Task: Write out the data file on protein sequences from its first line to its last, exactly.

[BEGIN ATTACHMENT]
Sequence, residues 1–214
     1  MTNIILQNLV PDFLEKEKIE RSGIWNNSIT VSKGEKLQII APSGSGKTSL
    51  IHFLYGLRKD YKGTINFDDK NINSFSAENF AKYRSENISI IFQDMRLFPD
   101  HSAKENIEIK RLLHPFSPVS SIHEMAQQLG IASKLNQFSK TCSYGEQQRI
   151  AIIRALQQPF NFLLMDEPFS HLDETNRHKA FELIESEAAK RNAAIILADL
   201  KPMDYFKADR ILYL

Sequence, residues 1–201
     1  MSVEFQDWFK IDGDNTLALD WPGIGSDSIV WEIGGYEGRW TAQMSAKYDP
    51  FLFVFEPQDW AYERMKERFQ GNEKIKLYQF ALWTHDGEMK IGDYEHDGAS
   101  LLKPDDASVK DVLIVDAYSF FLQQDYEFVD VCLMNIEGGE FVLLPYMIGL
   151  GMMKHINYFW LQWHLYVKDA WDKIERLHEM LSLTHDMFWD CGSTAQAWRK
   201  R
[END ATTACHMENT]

Sequence, residues 1–214
     1  MTNIILQNLV PDFLEKEKIE RSGIWNNSIT VSKGEKLQII APSGSGKTSL
    51  IHFLYGLRKD YKGTINFDDK NINSFSAENF AKYRSENISI IFQDMRLFPD
   101  HSAKENIEIK RLLHPFSPVS SIHEMAQQLG IASKLNQFSK TCSYGEQQRI
   151  AIIRALQQPF NFLLMDEPFS HLDETNRHKA FELIESEAAK RNAAIILADL
   201  KPMDYFKADR ILYL

Sequence, residues 1–201
     1  MSVEFQDWFK IDGDNTLALD WPGIGSDSIV WEIGGYEGRW TAQMSAKYDP
    51  FLFVFEPQDW AYERMKERFQ GNEKIKLYQF ALWTHDGEMK IGDYEHDGAS
   101  LLKPDDASVK DVLIVDAYSF FLQQDYEFVD VCLMNIEGGE FVLLPYMIGL
   151  GMMKHINYFW LQWHLYVKDA WDKIERLHEM LSLTHDMFWD CGSTAQAWRK
   201  R